The ‘Uprising and Homecoming: Middle Eastern voices’ is a mentorship project that aimed to raise issues of diversity and democracy in the Middle East, as well as among people of Middle-Eastern origin in Sweden, using innovative street theater performances and a mentorship scheme. This initiative was developed as an attempt to involve Swedish artistic talent with a Middle Eastern background to help mentor and participate in the street theatre productions of organizations in two selected Middle Eastern countries. The mentored organizations with their short productions were also taken to perform at the Halmstad International Street Theatre Festival 2015. Linda Mutawi was one of the mentors in this ambitious cultural relations project, mentoring the Arab Puppet Theatre Foundation in Lebanon. Linda’s mentorship with APTF included keeping in close communication with the group to help in brainstorming ideas and then with their rehearsals and activities, as well as conducting a site visit that included attending the general day to day activities for the group and assisting in the production of a puppet play.
In a recount of her mentorship experience with APFT, Linda Mutawi recalled:
Building a close relationship with APTF was a major highlight of my experience working with a mentored organization. Getting involved in the project that they put together was really rewarding and allowed me to build many friendships that have lasted even after the project is done. In addition, it gave me the chance and the position to play the role of a creative collaborator. Watching the project evolve from a simple idea to an incredible performance in Sweden was a rewarding process. It was the first time I was involved in a street theater production of this nature, which later opened a new way of thinking in terms of expanding my career choices. The performance was about the plight of refugees who risk their lives and everything they have and take these dangerous boat trips across the seas to reach for a dream of a new life, digging into the reason why they leave their homes behind and how they follow their dreams in a symbolic way. The idea of the performance was strong and hard-hitting, and especially timely as this was the subject everyone around the world (and especially Europe) was talking about. The reactions from the audience were truly incredible and heartbreaking, so many people were very touched by the performance and saw it as a reflection of their own journey and experience as refugees, since we performed mainly for migrant communities. Similar reactions were also found among Swedish and Danish audiences who really identified with the subject. At that time, this topic was a pressing discussion in Sweden and that’s why I believe it was very important to perform and share these insights with the Swedish community. One of the highlights of the group’s experience in Sweden was witnessing the group’s development along with their performance, ideas, and the audience’s reaction to the performance which meant that the performance kept evolving. The group really reflected on the strengths and weaknesses they had in order to really craft and perform better and better each time. I believe that the team learned a lot from this experience as it helped them work on their street theater skills and opened up doors to a new audience. It was also an opportunity for them to meet many passionate individuals and communities in Sweden and Denmark, which affected them a lot and opened some opportunities for potential future collaborations. On a personal level, I felt very invested in the project as an immigrant myself living in Sweden, and as the subject of the performance and the project are very close to my heart and are at the center of my work. This project helped both APTF and myself speak out our artistic minds and develop a performance that meets our vision.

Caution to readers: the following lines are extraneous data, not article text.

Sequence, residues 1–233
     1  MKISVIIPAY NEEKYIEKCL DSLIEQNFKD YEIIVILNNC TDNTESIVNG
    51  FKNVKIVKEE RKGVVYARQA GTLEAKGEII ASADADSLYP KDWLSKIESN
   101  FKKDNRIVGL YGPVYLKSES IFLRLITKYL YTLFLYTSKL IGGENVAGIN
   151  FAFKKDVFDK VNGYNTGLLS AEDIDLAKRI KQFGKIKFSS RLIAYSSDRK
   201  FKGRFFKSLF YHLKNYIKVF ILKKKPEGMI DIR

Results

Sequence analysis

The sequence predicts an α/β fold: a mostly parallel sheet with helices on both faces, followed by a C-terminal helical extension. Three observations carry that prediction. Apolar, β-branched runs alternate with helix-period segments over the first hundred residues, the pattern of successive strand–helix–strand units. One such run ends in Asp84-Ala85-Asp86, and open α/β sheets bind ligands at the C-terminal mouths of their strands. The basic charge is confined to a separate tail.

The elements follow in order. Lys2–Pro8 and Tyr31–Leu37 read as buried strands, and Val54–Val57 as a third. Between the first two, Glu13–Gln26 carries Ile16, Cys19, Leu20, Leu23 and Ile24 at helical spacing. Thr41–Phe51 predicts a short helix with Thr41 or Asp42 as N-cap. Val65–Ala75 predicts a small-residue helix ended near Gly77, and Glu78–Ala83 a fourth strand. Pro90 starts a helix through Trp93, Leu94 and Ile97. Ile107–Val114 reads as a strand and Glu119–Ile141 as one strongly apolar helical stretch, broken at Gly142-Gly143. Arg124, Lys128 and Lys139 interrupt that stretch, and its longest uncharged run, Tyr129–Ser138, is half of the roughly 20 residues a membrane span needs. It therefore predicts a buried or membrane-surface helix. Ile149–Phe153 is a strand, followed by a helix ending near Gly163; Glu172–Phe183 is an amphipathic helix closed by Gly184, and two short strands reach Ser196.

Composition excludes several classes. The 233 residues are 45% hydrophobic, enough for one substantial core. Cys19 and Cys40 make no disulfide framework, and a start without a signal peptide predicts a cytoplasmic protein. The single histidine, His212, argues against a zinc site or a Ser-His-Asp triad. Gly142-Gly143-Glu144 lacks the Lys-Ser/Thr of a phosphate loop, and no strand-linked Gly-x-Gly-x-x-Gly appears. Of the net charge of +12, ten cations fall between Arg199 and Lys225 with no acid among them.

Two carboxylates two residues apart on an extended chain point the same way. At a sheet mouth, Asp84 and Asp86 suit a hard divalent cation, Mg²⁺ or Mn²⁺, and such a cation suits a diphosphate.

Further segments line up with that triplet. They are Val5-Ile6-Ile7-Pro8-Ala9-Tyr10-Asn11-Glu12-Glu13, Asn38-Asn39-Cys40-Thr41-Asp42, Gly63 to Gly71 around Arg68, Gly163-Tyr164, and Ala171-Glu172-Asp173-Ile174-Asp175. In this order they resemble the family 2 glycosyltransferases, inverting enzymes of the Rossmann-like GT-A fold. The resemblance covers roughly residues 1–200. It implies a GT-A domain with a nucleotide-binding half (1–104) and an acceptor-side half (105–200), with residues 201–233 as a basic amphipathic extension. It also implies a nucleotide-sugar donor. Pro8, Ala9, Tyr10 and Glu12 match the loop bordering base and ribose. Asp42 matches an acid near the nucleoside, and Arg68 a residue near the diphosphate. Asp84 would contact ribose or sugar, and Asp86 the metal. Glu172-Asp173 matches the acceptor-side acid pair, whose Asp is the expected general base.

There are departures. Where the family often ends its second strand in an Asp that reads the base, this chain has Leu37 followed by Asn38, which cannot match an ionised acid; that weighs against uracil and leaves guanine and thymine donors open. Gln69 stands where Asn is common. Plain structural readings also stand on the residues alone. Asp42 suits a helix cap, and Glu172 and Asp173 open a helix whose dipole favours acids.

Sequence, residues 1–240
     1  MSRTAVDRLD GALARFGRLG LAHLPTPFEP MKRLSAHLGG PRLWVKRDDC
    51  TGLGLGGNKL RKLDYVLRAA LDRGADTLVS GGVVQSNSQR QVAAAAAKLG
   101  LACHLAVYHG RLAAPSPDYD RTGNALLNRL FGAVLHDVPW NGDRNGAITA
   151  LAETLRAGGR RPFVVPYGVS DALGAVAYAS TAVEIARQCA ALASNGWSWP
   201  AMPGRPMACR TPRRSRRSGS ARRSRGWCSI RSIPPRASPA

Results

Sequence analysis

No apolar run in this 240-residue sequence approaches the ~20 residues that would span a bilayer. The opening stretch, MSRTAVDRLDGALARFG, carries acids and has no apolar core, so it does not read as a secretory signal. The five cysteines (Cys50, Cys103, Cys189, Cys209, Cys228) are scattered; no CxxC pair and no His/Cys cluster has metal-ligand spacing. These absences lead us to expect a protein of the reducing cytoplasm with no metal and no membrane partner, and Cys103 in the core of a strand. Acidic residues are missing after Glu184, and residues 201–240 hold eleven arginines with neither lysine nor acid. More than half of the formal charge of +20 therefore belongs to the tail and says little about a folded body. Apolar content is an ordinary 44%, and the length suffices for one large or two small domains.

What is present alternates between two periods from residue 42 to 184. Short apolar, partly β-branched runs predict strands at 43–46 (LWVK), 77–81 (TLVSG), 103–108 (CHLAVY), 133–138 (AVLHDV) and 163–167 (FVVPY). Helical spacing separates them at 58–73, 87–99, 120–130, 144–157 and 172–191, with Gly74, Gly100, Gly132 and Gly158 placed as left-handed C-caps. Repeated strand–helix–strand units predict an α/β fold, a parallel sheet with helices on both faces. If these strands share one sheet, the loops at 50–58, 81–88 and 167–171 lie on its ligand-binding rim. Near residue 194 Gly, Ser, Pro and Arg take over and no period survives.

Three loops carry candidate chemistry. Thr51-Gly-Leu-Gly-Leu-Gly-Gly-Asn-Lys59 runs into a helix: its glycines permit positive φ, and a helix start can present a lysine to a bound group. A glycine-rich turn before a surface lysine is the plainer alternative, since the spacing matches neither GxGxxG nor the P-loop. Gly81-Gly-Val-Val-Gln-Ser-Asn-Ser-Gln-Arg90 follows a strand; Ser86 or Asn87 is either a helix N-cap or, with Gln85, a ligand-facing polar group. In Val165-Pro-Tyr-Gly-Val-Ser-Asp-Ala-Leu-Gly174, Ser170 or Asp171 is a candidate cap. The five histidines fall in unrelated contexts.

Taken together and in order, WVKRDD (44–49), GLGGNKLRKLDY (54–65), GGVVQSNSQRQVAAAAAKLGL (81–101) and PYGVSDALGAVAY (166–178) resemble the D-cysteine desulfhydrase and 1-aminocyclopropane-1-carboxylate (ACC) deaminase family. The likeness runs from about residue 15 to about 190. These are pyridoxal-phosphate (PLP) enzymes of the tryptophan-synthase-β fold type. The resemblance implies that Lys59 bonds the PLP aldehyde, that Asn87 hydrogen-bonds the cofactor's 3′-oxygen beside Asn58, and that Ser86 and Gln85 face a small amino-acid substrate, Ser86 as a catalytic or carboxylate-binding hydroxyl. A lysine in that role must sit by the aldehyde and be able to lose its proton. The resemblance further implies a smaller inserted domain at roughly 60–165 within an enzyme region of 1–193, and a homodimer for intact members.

This project was funded by the Swedish Postcode Lottery